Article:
The Boston media market also covers a significant area of southern New Hampshire, where most of the population lives. The additional expense of purchasing advertising would be somewhat tempered by this concentration. This year, Boston stations represented almost half of media buys targeted at the New Hampshire primary at one point. The Massachusetts electorate was already hearing the ads, they just didn’t get to vote until three weeks later.

This answers another common reason the New Hampshire primary is given special status. With few media markets in a smaller state, a less well-resourced candidate can potentially compete. But if the needed advertisements don’t change much by adding another state, this argument loses some utility. In fact, with so much Boston media purchased for the New Hampshire primary, it's worth considering a permanent pairing for the two states rather than just a temporary 2020 match. Massachusetts works very well as a partner to the New Hampshire primary, without adding a huge burden in terms of geography and expense.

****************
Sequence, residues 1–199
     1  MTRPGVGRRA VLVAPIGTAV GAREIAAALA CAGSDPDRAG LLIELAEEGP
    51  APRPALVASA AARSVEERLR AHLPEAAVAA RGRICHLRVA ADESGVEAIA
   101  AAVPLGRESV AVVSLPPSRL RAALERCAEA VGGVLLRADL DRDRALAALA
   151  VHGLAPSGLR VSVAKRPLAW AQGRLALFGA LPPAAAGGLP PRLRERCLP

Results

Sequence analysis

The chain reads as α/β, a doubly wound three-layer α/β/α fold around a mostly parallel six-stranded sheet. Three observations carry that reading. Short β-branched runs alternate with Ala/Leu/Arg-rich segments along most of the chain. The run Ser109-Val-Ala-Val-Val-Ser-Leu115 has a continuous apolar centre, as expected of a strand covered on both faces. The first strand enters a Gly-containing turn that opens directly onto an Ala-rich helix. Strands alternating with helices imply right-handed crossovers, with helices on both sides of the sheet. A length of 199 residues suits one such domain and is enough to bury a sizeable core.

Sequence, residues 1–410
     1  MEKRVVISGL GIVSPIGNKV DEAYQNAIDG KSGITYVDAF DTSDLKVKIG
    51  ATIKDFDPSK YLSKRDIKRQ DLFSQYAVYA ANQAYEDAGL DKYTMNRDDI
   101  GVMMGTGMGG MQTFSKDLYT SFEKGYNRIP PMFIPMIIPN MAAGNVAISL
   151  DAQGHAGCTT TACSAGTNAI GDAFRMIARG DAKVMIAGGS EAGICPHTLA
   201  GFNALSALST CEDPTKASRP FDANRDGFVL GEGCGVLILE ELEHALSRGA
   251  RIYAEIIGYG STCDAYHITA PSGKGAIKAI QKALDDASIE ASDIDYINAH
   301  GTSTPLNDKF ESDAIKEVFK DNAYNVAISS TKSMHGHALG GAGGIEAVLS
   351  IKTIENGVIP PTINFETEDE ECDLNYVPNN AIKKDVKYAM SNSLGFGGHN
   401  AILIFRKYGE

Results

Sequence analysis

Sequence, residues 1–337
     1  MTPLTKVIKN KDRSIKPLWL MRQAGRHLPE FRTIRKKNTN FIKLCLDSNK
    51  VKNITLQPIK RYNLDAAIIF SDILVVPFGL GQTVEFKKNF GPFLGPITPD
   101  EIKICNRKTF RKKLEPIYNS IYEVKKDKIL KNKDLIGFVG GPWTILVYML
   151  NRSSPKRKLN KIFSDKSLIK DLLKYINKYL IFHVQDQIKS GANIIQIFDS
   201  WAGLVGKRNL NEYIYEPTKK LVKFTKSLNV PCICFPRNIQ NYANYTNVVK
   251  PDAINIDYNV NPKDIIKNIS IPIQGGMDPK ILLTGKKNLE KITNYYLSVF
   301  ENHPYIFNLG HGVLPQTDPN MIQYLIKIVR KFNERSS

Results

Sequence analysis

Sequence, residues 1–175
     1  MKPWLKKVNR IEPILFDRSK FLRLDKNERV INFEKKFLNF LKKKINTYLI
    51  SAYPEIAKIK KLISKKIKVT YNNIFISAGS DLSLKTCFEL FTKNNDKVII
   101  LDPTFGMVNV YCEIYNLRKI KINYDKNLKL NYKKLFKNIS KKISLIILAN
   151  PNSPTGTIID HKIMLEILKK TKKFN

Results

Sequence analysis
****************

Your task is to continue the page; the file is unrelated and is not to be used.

New Hampshire and Iowa traditionalists also say the state’s voters take the responsibility of the first primary especially seriously, requiring candidates to visit, shake their hand, explain their positions and earn their votes in small settings. There is, by definition, no evidence this is correct, and some that it is not.